# Linearly penalized segmentation (`Pelt`

)#

# Description#

The method is implemented in `Pelt`

.

Because the enumeration of all possible partitions impossible, the algorithm relies on a pruning rule.
Many indexes are discarded, greatly reducing the computational cost while retaining the
ability to find the optimal segmentation.
The implementation follows [Killick2012].
In addition, under certain conditions on the change point repartition, the avarage computational complexity is of the order of \(\mathcal{O}(CKn)\), where \(K\) is the number of change points to detect, \(n\) the number of samples and \(C\) the complexity of calling the considered cost function on one sub-signal.
Consequently, piecewise constant models (`model=l2`

) are significantly faster than linear or autoregressive models.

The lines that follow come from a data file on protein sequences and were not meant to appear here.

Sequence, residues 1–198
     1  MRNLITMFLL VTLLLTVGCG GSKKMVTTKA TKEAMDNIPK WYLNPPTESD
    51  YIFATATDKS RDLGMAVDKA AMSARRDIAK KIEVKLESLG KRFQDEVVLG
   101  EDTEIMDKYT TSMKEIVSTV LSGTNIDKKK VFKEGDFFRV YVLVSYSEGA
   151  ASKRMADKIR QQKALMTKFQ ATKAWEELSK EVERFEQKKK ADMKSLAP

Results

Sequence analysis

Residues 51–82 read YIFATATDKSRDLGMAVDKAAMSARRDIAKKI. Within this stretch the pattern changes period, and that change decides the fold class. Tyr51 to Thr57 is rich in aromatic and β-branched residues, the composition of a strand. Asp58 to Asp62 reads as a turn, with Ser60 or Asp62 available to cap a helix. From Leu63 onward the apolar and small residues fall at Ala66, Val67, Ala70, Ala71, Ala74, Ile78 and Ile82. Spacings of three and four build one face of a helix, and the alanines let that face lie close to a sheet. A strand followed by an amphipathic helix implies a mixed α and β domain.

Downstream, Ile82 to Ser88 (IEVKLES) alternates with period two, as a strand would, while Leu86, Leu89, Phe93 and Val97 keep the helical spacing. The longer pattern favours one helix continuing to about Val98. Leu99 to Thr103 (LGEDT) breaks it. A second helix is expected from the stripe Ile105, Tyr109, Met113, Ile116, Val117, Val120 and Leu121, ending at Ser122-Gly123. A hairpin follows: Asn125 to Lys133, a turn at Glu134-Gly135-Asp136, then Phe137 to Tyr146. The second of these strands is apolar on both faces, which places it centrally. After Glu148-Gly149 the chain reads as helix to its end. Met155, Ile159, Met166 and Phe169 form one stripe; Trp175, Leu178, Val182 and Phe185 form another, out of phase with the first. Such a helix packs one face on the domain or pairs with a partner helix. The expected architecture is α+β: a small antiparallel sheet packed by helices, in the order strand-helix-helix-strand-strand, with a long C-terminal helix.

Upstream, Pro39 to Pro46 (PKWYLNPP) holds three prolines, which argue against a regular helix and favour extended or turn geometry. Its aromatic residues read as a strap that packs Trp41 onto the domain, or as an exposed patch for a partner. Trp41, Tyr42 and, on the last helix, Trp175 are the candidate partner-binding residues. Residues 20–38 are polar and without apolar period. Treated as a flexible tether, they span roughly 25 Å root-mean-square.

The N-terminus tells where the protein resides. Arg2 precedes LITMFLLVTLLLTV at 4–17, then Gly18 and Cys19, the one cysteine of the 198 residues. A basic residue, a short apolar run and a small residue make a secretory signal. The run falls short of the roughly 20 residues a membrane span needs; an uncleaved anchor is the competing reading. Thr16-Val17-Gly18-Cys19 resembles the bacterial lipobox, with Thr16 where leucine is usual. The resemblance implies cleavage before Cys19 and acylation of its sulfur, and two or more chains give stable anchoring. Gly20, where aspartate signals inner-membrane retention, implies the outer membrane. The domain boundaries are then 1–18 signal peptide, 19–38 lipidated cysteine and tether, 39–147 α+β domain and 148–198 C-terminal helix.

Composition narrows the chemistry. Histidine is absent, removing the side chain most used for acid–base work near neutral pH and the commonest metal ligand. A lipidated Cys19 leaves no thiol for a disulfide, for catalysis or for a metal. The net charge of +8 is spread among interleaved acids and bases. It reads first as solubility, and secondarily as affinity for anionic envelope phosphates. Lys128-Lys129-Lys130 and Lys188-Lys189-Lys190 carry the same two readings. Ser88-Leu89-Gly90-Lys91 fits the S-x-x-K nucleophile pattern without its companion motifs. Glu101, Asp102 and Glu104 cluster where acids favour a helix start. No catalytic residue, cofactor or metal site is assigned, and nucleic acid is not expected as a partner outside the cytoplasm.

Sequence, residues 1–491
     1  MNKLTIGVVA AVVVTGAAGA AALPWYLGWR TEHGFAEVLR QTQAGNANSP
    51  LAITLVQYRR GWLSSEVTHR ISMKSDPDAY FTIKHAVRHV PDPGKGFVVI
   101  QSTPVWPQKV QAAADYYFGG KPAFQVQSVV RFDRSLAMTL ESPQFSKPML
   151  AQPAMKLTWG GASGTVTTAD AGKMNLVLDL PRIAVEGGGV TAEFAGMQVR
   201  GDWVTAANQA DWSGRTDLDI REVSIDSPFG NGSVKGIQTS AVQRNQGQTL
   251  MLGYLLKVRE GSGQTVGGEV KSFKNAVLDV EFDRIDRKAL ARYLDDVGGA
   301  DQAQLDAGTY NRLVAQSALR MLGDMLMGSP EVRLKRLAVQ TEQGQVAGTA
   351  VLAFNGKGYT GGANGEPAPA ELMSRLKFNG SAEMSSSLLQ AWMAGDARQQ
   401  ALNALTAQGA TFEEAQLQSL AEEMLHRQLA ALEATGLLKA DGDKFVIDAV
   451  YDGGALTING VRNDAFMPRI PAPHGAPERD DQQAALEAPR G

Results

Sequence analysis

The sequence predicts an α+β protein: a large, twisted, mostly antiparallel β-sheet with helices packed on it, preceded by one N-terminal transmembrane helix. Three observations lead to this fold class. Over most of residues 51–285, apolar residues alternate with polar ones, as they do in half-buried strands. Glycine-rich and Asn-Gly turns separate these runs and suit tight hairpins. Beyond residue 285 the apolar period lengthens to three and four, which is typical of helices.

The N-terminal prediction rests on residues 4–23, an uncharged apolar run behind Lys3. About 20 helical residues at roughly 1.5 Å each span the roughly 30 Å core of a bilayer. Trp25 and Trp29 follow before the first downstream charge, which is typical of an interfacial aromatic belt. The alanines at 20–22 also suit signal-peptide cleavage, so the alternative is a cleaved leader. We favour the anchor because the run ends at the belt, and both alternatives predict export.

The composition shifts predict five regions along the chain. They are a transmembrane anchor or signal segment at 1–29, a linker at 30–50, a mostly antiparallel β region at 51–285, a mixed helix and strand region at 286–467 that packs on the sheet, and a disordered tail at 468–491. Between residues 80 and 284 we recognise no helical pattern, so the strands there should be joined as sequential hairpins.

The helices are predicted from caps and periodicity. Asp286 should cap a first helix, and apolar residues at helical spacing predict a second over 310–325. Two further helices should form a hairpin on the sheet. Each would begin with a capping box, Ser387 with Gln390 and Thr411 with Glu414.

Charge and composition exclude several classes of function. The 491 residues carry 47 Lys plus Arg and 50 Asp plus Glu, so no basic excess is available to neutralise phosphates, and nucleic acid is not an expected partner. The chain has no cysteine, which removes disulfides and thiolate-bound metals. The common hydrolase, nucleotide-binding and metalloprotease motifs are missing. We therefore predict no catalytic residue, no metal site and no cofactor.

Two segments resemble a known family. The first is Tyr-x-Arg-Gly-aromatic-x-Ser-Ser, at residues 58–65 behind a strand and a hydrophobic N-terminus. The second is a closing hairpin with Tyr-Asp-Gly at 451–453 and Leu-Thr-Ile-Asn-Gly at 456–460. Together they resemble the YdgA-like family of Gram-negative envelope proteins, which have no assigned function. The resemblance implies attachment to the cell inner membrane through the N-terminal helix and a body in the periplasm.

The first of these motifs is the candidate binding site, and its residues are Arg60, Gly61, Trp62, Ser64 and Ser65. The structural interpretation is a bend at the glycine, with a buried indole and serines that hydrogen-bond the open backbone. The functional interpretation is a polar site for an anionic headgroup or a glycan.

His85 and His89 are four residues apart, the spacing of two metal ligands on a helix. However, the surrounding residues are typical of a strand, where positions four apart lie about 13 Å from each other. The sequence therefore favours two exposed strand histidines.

To reduce the computational cost, you can consider only a subsample of possible change point indexes, by changing the `min_size`

and `jump`

arguments when instantiating Pelt:

`min_size`

controls the minimum distance between change points; for instance, if`min_size=10`

, all change points will be at least 10 samples apart.`jump`

controls the grid of possible change points; for instance, if`jump=k`

, only changes at`k, 2*k, 3*k,...`

are considered.

## Usage#

```
import numpy as np
import matplotlib.pylab as plt
import ruptures as rpt
# creation of data
n, dim = 500, 3
n_bkps, sigma = 3, 1
signal, b = rpt.pw_constant(n, dim, n_bkps, noise_std=sigma)
# change point detection
model = "l1" # "l2", "rbf"
algo = rpt.Pelt(model=model, min_size=3, jump=5).fit(signal)
my_bkps = algo.predict(pen=3)
# show results
fig, (ax,) = rpt.display(signal, bkps, my_bkps, figsize=(10, 6))
plt.show()
```

## References#

[Killick2012] Killick, R., Fearnhead, P., & Eckley, I. (2012). Optimal detection of changepoints with a linear computational cost. Journal of the American Statistical Association, 107(500), 1590–1598.